House prices face decade of 'sobriety'

By Ernest Rauthschild

The last decade has led to a polarisation of rich and poor, as well as a dramatic shift in house building from detached houses to flats, research by Savills for The Daily Telegraph shows.

These factors risk being exacerbated by a "relative sobriety" in mortgage lending as banks recover from the financial crisis and the mortgage market faces stricter regulation, such as the abolition of self-certified mortgages.

House prices end decade 117pc higher According to the upmarket estate agent, while inflation-adjusted house prices grew 68pc in the Noughties, prices will grow just 40pc in the next decade. This compares with -14pc in the 1990s, 43pc in the 1980s and 49pc in the 1970s.

"The Noughties will be remembered as a decade of polarisation – its legacy a residential market split, possibly irrevocable, between the equity haves and have-nots," Lucian Cook, director, Savills residential research, said.

The complications left by the last decade have emerged from the largest growth in house prices on record.

Pembrokeshire in Wales enjoyed the largest gain of 212pc during the Noughties, with the South East surprisingly lagging behind. In London, only Newham, one of the capital's poorest areas, featured in the top 10 risers.

The geographical variations were primarily for two reasons: first, some regions were playing catch-up on price rises in the South East during the late 1990s, and, second, the rise of the second-home buyers drove price growth in costal and popular holiday destinations.

Overall, the gains in the market were driven by low interest rates and strong wage growth up to 2005, and the increasing availability of mortgages in the run-up to 2007.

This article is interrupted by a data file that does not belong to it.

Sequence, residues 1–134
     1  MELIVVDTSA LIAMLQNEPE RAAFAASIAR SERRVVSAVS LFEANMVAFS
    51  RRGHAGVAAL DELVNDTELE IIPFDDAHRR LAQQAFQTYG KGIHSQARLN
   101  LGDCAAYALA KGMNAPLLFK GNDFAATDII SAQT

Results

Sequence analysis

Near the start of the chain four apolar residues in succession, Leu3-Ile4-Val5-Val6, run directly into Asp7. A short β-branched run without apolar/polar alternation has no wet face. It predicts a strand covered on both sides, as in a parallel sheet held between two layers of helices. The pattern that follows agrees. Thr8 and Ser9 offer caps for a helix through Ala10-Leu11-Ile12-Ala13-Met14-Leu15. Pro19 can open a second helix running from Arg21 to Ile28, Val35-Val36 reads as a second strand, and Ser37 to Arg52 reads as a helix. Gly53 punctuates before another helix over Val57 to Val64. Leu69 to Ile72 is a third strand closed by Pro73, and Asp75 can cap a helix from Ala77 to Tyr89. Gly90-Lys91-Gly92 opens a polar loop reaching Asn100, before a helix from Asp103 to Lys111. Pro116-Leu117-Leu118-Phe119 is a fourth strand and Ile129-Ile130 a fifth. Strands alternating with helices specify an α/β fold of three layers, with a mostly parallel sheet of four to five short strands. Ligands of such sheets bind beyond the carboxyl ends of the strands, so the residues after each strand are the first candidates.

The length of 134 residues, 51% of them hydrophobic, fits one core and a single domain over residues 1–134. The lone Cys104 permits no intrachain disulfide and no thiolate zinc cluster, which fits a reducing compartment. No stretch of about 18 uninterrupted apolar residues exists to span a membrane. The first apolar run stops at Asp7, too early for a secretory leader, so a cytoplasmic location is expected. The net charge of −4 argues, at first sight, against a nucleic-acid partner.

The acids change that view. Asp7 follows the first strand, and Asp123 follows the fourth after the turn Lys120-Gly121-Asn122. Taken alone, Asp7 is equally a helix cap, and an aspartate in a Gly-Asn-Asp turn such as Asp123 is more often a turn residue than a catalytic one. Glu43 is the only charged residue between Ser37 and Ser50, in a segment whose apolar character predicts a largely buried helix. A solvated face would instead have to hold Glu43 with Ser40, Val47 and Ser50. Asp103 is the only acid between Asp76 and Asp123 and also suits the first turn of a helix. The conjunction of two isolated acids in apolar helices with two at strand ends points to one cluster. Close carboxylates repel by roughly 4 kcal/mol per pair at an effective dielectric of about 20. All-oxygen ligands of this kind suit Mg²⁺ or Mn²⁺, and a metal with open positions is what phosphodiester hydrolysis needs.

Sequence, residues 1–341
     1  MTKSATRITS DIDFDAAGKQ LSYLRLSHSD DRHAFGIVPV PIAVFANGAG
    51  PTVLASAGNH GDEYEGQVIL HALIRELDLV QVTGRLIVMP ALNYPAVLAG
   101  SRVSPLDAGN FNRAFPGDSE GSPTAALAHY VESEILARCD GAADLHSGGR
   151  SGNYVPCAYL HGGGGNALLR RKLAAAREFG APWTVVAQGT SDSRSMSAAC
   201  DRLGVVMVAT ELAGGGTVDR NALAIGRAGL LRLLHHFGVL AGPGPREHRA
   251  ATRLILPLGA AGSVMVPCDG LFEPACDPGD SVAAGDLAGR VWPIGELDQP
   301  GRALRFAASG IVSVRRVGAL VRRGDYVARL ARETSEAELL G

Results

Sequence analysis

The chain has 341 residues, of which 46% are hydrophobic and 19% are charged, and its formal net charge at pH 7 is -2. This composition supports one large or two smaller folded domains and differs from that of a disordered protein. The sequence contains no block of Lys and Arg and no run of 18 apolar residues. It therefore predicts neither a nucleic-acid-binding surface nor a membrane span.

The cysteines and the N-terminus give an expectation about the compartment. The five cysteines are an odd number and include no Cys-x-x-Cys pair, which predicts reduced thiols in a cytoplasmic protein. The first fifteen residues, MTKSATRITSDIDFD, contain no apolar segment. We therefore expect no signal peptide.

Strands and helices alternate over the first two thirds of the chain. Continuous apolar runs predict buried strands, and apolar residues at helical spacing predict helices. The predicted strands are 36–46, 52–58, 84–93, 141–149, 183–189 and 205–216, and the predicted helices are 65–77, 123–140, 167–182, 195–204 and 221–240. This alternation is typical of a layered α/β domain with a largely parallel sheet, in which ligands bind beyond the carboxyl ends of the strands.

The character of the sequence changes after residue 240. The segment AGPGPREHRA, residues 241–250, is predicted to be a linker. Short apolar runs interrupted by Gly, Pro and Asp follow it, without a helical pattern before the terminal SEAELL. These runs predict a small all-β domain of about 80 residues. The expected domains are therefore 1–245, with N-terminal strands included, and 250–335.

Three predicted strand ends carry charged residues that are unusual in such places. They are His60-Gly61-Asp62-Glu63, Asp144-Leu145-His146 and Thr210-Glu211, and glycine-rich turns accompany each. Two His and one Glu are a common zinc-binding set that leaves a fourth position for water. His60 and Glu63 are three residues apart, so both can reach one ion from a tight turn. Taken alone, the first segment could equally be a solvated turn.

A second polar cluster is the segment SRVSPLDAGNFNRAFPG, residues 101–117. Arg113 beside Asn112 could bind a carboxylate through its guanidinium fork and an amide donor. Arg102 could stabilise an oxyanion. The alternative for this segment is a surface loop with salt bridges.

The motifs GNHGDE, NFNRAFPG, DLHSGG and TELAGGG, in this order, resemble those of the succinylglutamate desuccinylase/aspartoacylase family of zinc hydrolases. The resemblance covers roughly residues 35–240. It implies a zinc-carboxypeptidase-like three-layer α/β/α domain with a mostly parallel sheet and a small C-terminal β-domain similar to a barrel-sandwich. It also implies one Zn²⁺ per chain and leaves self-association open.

However, the substantial growth and impact of the financial crisis on mortgage lending, means that accessibility to home-ownership has been eroded.

Savills data shows that the deposit for a first-time buyer has risen from roughly 20pc of income in 2000 to almost 100pc by the end of 2009 – putting the equity-rich and prime regions in position to lead the market ahead of areas with high unemployment.

"A highly localised market recovery is now inevitable with a ripple effect rolling out from the prime markets of London and the South East," said Mr Cook.

A further burden is the masses of flats left by the Noughties. Changes in planning rules, the rise of buy-to-let, and the search for swifter returns from housebuilders mean the last 10 years were characterised by a rise in the number of flats being built at the expense of detached and semi-detached homes.

"The buy-to-let boom was driven by the bubble in easy and cheap credit," Liam Bailey of Knight Frank says. "It unfortunately led to the rise of the speculator led urban development and all those tiny one and two bedroom flats."

From 2000 to 2008 the proportion of newly-built homes that were flats rose from just over 15pc to almost 50pc. In contrast, detached housing fell from 45pc to less than 15pc.

This trend increased the supply of new homes and meant that over the last 10 years, old houses grew in value more than new houses.

For the new decade, the consequences could be more severe, with new buy-to-let mortgages stamped out by lenders following financial crisis and therefore a key source of demand removed. Mr Cook believes this could lead to a rise in the private rental sector as cash-rich institutions snap up the flats in bulk and potential homebuyers are forced to consider renting because of problems securing finance.

He added: "There is likely to be an increasing investment market driven by cash rich portfolio investors who diversify into build to let, shared ownership and niche residential sectors, the first wave of which has been student housing."

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